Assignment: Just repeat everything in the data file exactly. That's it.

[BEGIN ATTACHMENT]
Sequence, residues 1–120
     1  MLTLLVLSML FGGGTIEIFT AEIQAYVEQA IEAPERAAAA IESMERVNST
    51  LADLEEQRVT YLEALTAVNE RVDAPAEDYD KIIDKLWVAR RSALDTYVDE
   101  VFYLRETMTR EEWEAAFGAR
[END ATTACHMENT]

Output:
Sequence, residues 1–120
     1  MLTLLVLSML FGGGTIEIFT AEIQAYVEQA IEAPERAAAA IESMERVNST
    51  LADLEEQRVT YLEALTAVNE RVDAPAEDYD KIIDKLWVAR RSALDTYVDE
   101  VFYLRETMTR EEWEAAFGAR